Thursday, May 26, 2011

A Closer Look: Studying Books You Love

By Ann Meier

I had an article planned on studying your favorite books, and as luck would have it, one of my critique partners just did this very thing to help her with her current novel. 

I thought her approach was great, and the way she explained what she did was fantastic, so I asked her to write it up so I could share it with you guys. She graciously agreed, so I'm happy to introduce you all to Ann Meier and her very cool approach to studying your favorite novel to help you improve yours.

Take it away Ann...

How I Analyzed the Differences Between My First Chapter and My Favorite Best-Selling Author’s

I’m a firm believer that when you’re ready for the answer, it will be there for you. On May 5, 2011, Janice posted All the World’s a Stage: The Stages of a Writer. I wasn’t looking for THE ANSWER, but it was looking for me. I found it in Stage 5 - Okay, Maybe I Wasn’t as Ready as I Thought.

My query letter worked. I received requests for partials, but they weren’t turning into requests for a full. Janice’s advice was to study the good rejections. I did. They told me what was working – the premise, (whew –‘cause that would be a bear to change at this point) the writing, (thought so – everything had been through multiple revisions with my crit group and the best in the world crit partners. One of them has the initials JH) the plot, the dialogue, the characters - but something wasn’t working. The initially interested agents weren’t ‘falling in love’. A puzzler, for sure.

Janice’s second suggestion was to look at the first chapter of a favorite book and to analyze how it was different from mine. I chose the first book in a long-running, best-selling series that I think is the best in my genre. And I knew it was a best seller how? Every other person reading at the pool deck on a cruise one summer was reading this series.

Since I know I’m a kinesthetic learner, I took the time to type the author’s first chapter out in manuscript form. This forced me to pay attention to every word. My first comparison revealed that both first chapters were close in word count and pages. Cool. The best-seller’s first chapter had three sections and mine had two. That was my first clue I’d missed something. I zeroed in and saw that both first chapters included two scenes. It was the initial four pages of the best seller that made the difference. It wasn’t a scene or technically a sequel. I scratched my head and kept at it.

I looked closely at both first sentences. We both had cool opening sentences that created an intriguing story hook. Both related to the key story elements and hinted at theme. (Pats self on back)

Time for a bigger picture look—the first paragraph. Ms. Best Seller used just two perfect sentences. Full of impact, they intrigued and focused on the novel’s dilemma. They also introduced the wry voice. So what about mine? I had five sentences. More definitely wasn’t better.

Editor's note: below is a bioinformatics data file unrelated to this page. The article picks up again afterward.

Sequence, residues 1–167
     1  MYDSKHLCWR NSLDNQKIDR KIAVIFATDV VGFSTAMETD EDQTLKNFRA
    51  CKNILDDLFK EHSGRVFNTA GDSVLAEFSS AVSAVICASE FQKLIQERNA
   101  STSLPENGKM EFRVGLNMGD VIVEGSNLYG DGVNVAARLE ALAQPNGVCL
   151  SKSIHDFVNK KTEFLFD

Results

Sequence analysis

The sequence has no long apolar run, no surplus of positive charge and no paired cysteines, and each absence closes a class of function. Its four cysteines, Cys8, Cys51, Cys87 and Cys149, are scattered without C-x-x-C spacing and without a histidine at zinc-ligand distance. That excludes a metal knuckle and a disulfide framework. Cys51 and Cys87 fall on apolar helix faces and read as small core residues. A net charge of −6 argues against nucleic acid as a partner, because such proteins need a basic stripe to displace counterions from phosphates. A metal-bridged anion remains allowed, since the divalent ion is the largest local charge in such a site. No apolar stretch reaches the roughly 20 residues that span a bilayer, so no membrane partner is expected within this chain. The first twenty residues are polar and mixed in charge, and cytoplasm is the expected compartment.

But I needed the material in those other three sentences, didn’t I? Turns out, I did. But not in that first paragraph and not in glib summary. I rewrote my opening paragraph. It now has three sentences that I’m thinking and wishing, hoping and praying, really do intrigue and go right to the heart of the novel’s dilemma.

The light came on when I moved on to my next step where I wrote in the margin the function each paragraph served:
  • Give setting details
  • Create atmosphere
  • Describe characters
  • Introduce a goal
  • Present an obstacle
  • Ask a question
  • Provoke laughter
  • Set up tension
  • Show the character’s take on the world and her place in it
Once I’d done this, I tried to determine what Ms. Best Seller accomplished and how she did it. Boy did that prove enlightening. Looking at these paragraph functions, I noticed I came nowhere close to doing a decent job of showing the character’s take on the world and her place in it. Big aha moment. My extra sentences from my original first paragraph were supposed to fill that function – Ugh. I’m embarrassed to share them, but if it helps anyone here they are:
When Land of Oz, the theme park, banished me from my dream job, I hit bottom hard and fast. The final attraction on my job search list was Bungee Jump Orlando—for me, the theme park equivalent to Kansas.
I skill kind of like the juxtaposition of hitting bottom with bungee jumping (I do write mysteries), but the paragraph needed to go.

Ms. Best Seller used three recalled episodes from her character’s past to clearly present the POV—her voice, her character, and the key relationship that will be the heart of the story. Then I had the kick-self-around-the desk moment. It was so beautifully simple. The episodes – just a couple of lines of recalled events and dialogue showed the reader who the POV was and set the stage for what she will do in the story.

My glib, summarized extra sentences from paragraph one? They diluted the impact of the hook and they TOLD the reader who the character was. Wrong, wrong, wrong. Although I had an interesting character, the reader wasn’t connecting with her – didn’t understand why she acted the way she did. And so, I rewrote. I spent time crafting telling episodes that showed her world and what she cared about. When I finished, I had four pages that just may work to help interested readers ‘fall in love’.

For example, I wanted the reader to understand why my character considered working in Land of Oz theme park her dream job. And also learn that this is a character who’s used to being disappointed, but she’s optimistic and keeps trying. See what you think.